Once you’ve found the “trailhead” for the path less traveled, you may need a “guide”. I’m not talking about booking with a local tour company or guide service, but about connecting with the local people. Travelers who make the effort will find that in many cases the locals are equally as interested in learning about you, as you are of them. With a little luck, you may be invited for meals, perhaps with their family, taken on a local tour, or even put up for the night. These are those treasured travel experiences that are the most rewarding and enriching. Also, they’re only available to those who have left some flexibility in their itineraries. This is really what travel is all about.
When you are looking to spend some time with the locals, skip out of town. Just outside of most top-shelf cities are outrigger communities that will have dramatically fewer tourists and more opportunities to visit locally. The essence of a place can often be better absorbed in a town that has not been polished by the tourist board (in other words, is a bit less commercial).
Keep in mind, in out of the way places, local knowledge is best. Not all recommended travel sights are found in guide books. In fact some of my favorite personal travel discoveries were not mentioned in guide books at all. They were revealed to me by one local, who happy I had inquired, showed me the local swimming hole, his favorite “secret” beach, or his cousins excellent seafood restaurant. For perspective, imagine all you know about your hometown:
My own town located a little north of San Francisco, does not even warrant a mention in many of the better known travel guides. Yet it hosts some terrific restaurants, 3 nightclubs where live music is performed 365 days of the year, miles of trails through the world famous California redwoods, and is the birthplace of mountain biking. But if you were visiting my area, and solely depending on a guidebook, you probably would just pass through town and not even stop, missing out on some great opportunities in the process.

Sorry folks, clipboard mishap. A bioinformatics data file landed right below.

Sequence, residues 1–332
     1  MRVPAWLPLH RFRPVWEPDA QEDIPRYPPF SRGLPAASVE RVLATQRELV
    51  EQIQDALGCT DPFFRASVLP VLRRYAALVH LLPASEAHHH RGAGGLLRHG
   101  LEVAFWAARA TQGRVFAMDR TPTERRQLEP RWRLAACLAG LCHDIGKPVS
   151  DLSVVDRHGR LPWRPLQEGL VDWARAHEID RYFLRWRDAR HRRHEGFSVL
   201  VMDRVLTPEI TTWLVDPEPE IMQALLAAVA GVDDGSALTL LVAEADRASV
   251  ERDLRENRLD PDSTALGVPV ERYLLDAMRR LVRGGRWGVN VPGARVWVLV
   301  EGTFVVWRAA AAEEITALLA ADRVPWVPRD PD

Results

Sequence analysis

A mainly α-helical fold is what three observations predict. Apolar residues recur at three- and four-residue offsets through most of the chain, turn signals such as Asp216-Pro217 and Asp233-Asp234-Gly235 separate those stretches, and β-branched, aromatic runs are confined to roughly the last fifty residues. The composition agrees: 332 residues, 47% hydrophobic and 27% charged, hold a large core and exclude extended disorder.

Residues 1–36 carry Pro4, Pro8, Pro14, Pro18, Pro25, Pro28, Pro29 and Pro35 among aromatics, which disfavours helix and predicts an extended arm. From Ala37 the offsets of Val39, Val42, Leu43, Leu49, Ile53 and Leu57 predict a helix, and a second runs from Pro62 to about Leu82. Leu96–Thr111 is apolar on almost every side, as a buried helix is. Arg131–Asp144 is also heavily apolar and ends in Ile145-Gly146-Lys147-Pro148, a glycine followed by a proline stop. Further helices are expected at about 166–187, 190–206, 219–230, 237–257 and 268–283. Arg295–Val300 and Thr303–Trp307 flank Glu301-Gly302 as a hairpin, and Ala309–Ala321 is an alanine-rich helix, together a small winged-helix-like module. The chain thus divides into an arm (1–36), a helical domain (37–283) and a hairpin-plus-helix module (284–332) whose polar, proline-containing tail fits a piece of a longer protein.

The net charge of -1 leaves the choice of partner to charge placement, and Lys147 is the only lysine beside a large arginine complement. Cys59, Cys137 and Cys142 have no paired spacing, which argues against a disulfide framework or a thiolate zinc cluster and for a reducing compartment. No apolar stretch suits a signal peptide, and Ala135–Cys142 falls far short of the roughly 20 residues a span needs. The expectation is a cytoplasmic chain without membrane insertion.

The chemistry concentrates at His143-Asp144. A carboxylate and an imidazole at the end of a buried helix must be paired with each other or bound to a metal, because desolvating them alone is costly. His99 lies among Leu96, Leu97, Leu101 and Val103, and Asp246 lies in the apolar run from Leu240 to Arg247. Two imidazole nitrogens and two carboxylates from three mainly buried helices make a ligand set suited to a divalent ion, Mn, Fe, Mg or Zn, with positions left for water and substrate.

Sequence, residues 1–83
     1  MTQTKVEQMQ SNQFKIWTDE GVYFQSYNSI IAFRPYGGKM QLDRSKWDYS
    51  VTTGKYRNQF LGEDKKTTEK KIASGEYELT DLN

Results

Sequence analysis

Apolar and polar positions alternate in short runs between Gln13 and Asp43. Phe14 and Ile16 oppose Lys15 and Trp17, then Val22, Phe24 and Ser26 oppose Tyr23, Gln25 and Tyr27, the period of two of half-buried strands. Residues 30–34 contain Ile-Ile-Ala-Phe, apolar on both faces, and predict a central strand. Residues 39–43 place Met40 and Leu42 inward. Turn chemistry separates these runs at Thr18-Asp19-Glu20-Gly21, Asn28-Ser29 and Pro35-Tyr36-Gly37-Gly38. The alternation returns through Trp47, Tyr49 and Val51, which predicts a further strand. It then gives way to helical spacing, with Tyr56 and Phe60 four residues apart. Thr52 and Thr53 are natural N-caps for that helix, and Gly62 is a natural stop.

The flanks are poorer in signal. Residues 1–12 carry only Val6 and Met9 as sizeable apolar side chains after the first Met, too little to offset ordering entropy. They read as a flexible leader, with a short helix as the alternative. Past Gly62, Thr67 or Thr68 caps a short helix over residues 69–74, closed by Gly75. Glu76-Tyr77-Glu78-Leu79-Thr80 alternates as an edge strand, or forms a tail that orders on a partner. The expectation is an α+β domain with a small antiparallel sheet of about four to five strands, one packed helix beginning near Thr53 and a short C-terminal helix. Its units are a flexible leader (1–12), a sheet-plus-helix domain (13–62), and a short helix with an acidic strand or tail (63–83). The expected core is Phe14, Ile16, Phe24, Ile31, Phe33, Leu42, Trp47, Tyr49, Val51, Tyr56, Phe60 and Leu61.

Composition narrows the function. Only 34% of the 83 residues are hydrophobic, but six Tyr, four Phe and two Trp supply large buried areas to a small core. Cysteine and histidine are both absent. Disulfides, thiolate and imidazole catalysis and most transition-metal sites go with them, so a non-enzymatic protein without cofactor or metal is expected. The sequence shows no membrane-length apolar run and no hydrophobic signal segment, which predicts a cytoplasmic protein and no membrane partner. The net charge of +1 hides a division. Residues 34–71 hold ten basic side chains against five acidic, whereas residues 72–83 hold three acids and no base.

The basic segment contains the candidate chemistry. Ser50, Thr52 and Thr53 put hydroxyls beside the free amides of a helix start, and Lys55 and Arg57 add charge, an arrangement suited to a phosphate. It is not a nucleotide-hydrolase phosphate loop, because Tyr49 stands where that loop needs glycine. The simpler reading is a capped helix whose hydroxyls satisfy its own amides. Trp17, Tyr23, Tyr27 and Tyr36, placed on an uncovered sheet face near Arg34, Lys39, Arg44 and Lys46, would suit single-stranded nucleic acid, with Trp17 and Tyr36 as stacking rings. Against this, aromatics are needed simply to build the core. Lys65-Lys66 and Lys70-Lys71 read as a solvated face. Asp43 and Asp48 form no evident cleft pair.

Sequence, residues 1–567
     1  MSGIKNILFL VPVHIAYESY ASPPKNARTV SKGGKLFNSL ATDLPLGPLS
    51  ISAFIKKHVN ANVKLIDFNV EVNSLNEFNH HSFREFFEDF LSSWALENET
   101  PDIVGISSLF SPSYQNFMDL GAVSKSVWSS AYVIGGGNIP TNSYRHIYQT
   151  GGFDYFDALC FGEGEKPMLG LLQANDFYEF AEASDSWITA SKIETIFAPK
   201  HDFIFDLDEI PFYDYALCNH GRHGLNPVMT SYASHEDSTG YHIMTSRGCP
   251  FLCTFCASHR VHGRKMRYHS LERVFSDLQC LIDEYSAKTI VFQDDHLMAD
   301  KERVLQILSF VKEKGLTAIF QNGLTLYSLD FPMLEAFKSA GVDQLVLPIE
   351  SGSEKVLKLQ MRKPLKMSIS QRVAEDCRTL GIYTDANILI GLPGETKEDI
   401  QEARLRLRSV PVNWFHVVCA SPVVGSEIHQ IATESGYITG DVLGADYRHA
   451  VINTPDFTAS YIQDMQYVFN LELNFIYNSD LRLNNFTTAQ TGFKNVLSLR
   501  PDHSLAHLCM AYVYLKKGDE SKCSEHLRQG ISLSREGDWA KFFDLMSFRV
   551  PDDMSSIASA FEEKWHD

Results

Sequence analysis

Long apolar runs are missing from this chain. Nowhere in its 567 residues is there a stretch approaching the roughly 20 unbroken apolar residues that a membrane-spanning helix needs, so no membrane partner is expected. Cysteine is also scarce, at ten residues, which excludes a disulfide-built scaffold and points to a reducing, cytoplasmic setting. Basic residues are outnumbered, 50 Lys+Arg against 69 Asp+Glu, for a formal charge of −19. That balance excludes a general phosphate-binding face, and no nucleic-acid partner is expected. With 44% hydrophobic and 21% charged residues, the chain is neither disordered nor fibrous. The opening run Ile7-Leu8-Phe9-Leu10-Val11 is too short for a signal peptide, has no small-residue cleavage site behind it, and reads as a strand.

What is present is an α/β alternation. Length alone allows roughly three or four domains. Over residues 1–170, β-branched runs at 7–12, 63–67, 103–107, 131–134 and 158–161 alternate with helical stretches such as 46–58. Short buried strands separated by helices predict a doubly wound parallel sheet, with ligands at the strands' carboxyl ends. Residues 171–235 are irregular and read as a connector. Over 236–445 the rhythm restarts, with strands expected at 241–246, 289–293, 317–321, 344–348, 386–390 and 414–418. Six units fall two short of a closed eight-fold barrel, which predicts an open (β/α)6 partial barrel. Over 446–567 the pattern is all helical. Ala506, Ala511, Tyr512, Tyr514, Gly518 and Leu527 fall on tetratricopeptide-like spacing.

And guess what…I have found that it is much the same when you travel abroad. Townspeople and villagers are curious about the outside world, just like you, and will reach out to you to not only showboat their town, but to learn something about you as well. Some of my favorite travel experiences have occurred as a result of the unexpected; getting caught in a small boat in bad weather in the Sulu Sea, and landing in a town we had not planned to visit (it was not mentioned in the guidebook), falling in love with the town and staying 10 wonderful days; in a similar vein, on a trip to northern India, having my outgoing flight from a smallish city, canceled for multiple days due to the vagaries of Himalayan weather. This gave me the opportunity and time to explore this city and to get to know the locals better. I had a wonderful time, in a town I was supposed to be just passing through.
To get the most out of your journey…
Slow down.Engage your surroundings. Remember….you are on vacation.
Leave some flexibility into your itinerary. Allow whole days that are unplanned. The world is waiting for you!
Make an attempt at that foreign language. Talk to people. Often times simply making an attempt at speaking their language is all that is needed to endear you to the locals.
Use guidebooks as a tool, not a crutch. Take their suggestions, but leave yourself the freedom to make personal discoveries of your own. Frequently your most amazing experiences abroad are not to be found in a guidebook.
Plan for the worst, and hope for the best… and remember, when things go awry, the worst travel experiences abroad, often make the best stories when you return home.